"Lord Buddha was himself a scientist in the way he taught about the way of bringing the mind under control for leading a healthy life. Mind is formless and beyond matters, yet it controls everything," (The Dalai Lama, December 18, 2009)
I've just received (and am happy to have received) the "Dalai Lama Mantra". It is a powerpoint presentation, begins:
This is a nice reading, but short. Enjoy. This is what the Dalai Lama has to say for 2009. All it takes is a few seconds to read and think over. Do not keep this message. The mantra must leave your hands within 96 hours. You will get a very pleasant surprise. This is true for all - even if you are not superstitious - of whatever religious belief.... faith.
There follows some very beautiful illustrations, each with a selected maxim, for example
Take into account that great love and great achievements involve great risk.
When you lose, don't lose the lesson.
Follow the three Rs:
Respect for self
Respect for others and
Responsibility for all your actions.
Remember that not getting what you want is sometimes a wonderful stroke of luck.
Unfortunately, it does not originate with the Dalai Lama.
Snopes (the site specialising in bogus emails and the like) notes that the same one has been going around for some time. In an earlier incarnation, it said:
This is what The Dalai Lama has to say on the millennium, all it takes is a few seconds to read and think. Do not keep this message. The mantra must leave your hands within 96 hours. You will get a very pleasant surprise. This is true even if you are not superstitious.
Snopes comments that:
Neither this chain message nor its "Instructions for Life" originated with His Holiness. The "Instructions for Life" are a truncated version of a much longer list that worked its way around the Internet in 1999 in conjunction with an ASCII art representation of a "Nepalese Good Luck Tantra Totem" (the list was also sometimes identified as being a "modern Japanese good luck tantra"):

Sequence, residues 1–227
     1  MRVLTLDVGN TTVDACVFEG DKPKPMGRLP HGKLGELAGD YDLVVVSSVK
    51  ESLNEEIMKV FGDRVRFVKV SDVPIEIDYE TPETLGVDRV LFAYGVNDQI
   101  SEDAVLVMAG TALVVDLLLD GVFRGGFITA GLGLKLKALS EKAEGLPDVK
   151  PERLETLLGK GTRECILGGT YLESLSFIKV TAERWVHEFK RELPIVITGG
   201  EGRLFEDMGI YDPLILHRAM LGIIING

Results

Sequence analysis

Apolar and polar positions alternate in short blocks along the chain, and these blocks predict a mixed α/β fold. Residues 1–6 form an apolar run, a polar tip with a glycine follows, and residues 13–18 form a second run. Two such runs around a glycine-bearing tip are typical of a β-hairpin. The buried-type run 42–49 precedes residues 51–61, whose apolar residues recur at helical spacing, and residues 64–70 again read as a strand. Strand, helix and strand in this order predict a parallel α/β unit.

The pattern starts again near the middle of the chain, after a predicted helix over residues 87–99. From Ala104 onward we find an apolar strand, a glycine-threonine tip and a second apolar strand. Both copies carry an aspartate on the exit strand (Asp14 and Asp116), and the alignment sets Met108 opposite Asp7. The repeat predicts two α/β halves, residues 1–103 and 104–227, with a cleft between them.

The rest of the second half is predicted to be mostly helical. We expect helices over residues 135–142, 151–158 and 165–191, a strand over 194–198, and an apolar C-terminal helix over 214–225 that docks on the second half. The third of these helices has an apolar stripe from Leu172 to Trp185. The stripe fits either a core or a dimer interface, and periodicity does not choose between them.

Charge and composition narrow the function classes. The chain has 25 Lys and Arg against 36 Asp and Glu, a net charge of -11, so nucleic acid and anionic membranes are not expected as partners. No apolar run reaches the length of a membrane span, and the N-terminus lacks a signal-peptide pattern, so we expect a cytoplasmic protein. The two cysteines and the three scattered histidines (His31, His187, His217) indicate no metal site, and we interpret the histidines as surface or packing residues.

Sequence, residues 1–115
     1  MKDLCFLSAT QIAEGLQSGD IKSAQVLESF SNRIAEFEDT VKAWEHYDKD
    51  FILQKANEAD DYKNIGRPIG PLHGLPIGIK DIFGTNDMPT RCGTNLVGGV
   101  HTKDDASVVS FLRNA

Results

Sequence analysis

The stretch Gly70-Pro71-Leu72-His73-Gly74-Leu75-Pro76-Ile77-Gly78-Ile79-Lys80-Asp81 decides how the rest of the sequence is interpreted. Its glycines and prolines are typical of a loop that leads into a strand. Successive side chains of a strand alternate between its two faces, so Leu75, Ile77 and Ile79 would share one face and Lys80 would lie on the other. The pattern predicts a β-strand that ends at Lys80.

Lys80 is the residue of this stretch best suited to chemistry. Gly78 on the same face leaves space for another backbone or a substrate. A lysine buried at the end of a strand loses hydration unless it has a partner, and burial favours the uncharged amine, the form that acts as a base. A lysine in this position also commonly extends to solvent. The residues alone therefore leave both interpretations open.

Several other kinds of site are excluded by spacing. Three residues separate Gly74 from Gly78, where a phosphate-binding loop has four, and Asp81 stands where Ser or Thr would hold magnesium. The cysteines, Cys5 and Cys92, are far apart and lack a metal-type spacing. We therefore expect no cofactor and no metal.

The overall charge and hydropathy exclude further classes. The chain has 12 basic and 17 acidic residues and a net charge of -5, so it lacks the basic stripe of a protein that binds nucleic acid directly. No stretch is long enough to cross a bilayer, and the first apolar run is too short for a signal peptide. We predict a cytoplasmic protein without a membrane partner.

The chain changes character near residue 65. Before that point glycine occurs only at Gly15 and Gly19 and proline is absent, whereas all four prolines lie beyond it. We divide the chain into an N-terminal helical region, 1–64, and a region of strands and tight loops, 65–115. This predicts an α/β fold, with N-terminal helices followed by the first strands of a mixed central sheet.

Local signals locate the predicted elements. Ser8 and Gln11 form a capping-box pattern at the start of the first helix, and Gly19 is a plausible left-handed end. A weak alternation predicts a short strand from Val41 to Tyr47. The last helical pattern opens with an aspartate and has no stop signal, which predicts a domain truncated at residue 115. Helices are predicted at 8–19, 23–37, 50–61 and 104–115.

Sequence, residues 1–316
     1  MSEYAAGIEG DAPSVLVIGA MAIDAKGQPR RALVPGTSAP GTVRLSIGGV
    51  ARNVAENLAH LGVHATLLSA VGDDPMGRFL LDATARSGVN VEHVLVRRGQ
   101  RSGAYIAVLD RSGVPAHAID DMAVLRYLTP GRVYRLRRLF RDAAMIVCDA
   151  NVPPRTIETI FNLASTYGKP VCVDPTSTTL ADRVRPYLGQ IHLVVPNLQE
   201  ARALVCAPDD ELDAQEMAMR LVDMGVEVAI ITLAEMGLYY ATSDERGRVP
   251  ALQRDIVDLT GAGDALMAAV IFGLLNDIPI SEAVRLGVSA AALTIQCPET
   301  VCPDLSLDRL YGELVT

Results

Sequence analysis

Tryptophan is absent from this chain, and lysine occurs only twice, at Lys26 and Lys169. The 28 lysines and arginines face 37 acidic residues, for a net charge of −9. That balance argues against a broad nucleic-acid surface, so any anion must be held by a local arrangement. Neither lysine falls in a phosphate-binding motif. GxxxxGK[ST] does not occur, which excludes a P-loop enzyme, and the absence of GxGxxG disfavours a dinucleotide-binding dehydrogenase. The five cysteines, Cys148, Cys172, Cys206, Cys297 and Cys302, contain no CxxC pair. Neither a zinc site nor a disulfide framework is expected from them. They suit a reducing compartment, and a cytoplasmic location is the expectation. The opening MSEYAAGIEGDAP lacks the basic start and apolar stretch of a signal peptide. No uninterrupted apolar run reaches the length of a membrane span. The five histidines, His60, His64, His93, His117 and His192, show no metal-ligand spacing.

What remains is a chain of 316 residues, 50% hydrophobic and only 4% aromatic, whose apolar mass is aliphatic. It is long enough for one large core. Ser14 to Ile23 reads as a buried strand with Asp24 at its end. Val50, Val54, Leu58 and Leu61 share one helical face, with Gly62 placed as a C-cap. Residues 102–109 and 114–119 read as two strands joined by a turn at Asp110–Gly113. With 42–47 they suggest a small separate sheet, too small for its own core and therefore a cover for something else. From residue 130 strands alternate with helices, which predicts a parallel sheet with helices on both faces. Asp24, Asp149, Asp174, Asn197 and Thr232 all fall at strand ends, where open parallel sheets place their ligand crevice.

One of the singular things about its maxims is that they are not specifically Buddhist. There is nothing on the Four Noble Truths, yet when the Dalai Lamai was speaking in India on 19th December 2009, he delivered a discourse on "The Four Noble Truths of Buddhism", and also made reference to Buddhism in his talk:
The Dalai Lama said that utilization of human intelligence and wisdom for attaining the purity of mind and for one's advancement was very important in Buddhism. He made it clear that his discourses are not mere ritualistic nor religious but the ocassion should be treated as an educational seminar. The Dalai Lama at the end of the discourse gave opportunity to the audience to ask questions. He replied to all the questions and invited even arguments on important issues.
The Dalai Lama said that the distinction of Buddhism from other religious cults was that it does not believe in atma. This similarity could also be found in Jainsim. He said that there are certain cases of rebirth which he himself had come across and it was for the science to investigate these cases. He also asserted that the big bang theory of scientists goes very well with Buddhist phitlosophy as it doesn't believe in the theory of creation of something by someone.
In fact, on 1 September, 2009, the Dalai Lama was in Taiwan, and there was a mantra chanted:
Awaiting the spiritual leader's arrival, members of the audience chanted om mani padme hum - the most commonly recited Buddhist mantra - in unison...The leader led the audience in reciting Buddhist chants and commented on the teachings of the Buddha.
So there is a strong Buddhist theme running through his teachings, and it is from these roots that he finds the source of his wisdom, so that he can say:
In regard to this, there is a statement in the great Shantideva's Engaging in the Bodhisattva Deeds which says, As long as space exists, and as long as there are migrators in cyclic existence, may I remain removing their sufferings. I have that wish in this lifetime, and I know I had that wish in past lifetimes.
And from these roots, he speaks out to the shared humanity of all peoples. Here is an example from his question and answer session on his website www.dalailama.com, which is a good way to end this piece, and a good message for Christmas:
All human beings are the same. We all want happiness and do not want suffering. Even people who do not believe in religion recognize the importance of these human values in making their lives happier. I remain committed to talk about the importance of these human values and share them with everyone I meet. Secondly, on the level of a religious practitioner, my second commitment is the promotion of religious harmony and understanding amongst different religious traditions. Despite philosophical differences, all major world religions have the same potential to create better human beings. It is therefore important for all religious traditions to respect one another and recognize the value of each other's respective traditions.
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